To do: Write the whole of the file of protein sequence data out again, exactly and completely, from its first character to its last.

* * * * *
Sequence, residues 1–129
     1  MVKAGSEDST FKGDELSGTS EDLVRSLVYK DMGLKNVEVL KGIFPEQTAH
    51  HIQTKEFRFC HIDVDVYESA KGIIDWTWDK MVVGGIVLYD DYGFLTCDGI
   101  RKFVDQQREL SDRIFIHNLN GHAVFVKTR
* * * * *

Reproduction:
Sequence, residues 1–129
     1  MVKAGSEDST FKGDELSGTS EDLVRSLVYK DMGLKNVEVL KGIFPEQTAH
    51  HIQTKEFRFC HIDVDVYESA KGIIDWTWDK MVVGGIVLYD DYGFLTCDGI
   101  RKFVDQQREL SDRIFIHNLN GHAVFVKTR